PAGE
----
The New York Times reports: E.P.A. Chief Stands Firm as Tough Rules Loom:
In the next weeks and months, Lisa P. Jackson, the Environmental Protection Agency administrator, is scheduled to establish regulations on smog, mercury, carbon dioxide, mining waste and vehicle emissions that will affect every corner of the economy.
She is working under intense pressure from opponents in Congress, from powerful industries, from impatient environmentalists and from the Supreme Court, which just affirmed the agencyâs duty to address global warming emissions, a project that carries profound economic implications.
The new rules will roll out just as President Obamaâs re-election campaign is getting under way, with a White House highly sensitive to the probability of political damage from a flood of government mandates that will strike particularly hard at the manufacturing sector in states crucial to the 2012 election.
No other cabinet officer is in as lonely or uncomfortable a position as Ms. Jackson, who has been left, as one adviser put it, behind enemy lines with only science, the law and a small band of loyal lieutenants to support her.
Well, she's also got you and me. And that's not trivial. These new rules include the first regulations on mercury emissions from coal plants. Coal plants are the major source of toxic mercury in the fish you eat (bad for you, bad for the fish, bad for the bird that eat the fish, bad, really for everything), so reining those emissions in is a huge step forward for the environment and for public health. These regulations have been in the works since the 1990 amendments to the Clean Air Act, and after a regrettable rulemaking hiatus under the Bush administration, they are a welcome addition. David Roberts at Grist, probably the best environmental policy journalist out there, has a great series on these new rules and their implications.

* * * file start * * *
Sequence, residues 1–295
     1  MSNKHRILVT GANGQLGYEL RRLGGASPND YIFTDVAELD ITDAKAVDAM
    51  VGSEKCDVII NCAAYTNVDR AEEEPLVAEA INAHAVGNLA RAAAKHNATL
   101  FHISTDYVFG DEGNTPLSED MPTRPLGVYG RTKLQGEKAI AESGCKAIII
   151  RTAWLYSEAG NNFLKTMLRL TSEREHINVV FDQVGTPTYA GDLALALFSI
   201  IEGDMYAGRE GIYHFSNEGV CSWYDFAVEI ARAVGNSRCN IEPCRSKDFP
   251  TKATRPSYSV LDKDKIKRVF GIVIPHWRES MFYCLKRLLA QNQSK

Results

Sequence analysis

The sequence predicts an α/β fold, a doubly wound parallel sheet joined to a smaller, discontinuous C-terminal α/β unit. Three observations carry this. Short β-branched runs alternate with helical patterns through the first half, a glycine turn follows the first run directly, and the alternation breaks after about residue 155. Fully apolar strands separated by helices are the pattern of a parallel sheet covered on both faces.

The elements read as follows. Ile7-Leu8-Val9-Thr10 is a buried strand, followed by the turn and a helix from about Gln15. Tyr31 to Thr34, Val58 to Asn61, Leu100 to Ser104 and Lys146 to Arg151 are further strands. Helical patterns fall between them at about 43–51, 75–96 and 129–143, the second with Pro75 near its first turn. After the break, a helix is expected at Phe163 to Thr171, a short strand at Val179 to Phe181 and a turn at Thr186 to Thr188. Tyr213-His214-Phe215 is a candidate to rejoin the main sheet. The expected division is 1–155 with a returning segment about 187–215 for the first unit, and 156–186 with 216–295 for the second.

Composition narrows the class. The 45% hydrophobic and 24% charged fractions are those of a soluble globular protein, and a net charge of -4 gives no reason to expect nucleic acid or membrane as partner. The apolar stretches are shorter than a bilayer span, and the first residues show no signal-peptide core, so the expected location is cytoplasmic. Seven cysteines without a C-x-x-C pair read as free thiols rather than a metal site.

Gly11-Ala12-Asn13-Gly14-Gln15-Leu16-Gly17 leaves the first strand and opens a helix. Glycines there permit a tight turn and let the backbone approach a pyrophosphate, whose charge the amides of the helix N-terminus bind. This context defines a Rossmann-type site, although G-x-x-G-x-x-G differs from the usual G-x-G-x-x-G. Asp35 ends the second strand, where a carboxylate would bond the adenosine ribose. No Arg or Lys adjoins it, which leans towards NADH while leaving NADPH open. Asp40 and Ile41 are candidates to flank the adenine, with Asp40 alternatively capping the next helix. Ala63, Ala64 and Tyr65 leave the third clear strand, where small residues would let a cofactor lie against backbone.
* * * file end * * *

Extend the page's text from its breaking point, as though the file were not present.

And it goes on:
Those new rules, if they're strong and well-enforced, won't just reduce toxic mercury emissions. By raising the price of making electricity from coal, these regulations will push utilities to close older coal plants and to shift towards cleaner fuels, fuels that don't just release less mercury, but that have lower greenhouse gas emissions. Combined with the EPA's new regulations on carbon dioxide (and others soon to come), this could have a major impact on the US carbon footprint, though less than could be achieved through a comprehensive climate bill.
As the figure shows (borrowed from this article at Grist, which drew on this report from ICF), most of the impact from these rules is expected to come in the Central US, which will have to replace 25 gigawatts (GW) of electrical generation, while western states will be relatively unaffected. But among the states hit hardest will be Presidential battleground states like Ohio, Florida, Wisconsin, Minnesota, Michigan, Missouri, Florida, West Virginia.
Of course, those are also the states most dramatically impacted by coal mining and coal burning, so there ought to be some political upside, especially if utilities react by building new natural gas plants and new wind farms to make up for losses in coal capacity. The jobs and clean air created by such moves would be boons to the local communities. Whether they'd outweigh potential bumps in electricity rates remains to be seen: with unemployment hovering between 9 and 10 percent, lots of people will notice job creation, but everyone gets an electrical bill, and the environmental benefits will be diffuse, and long term.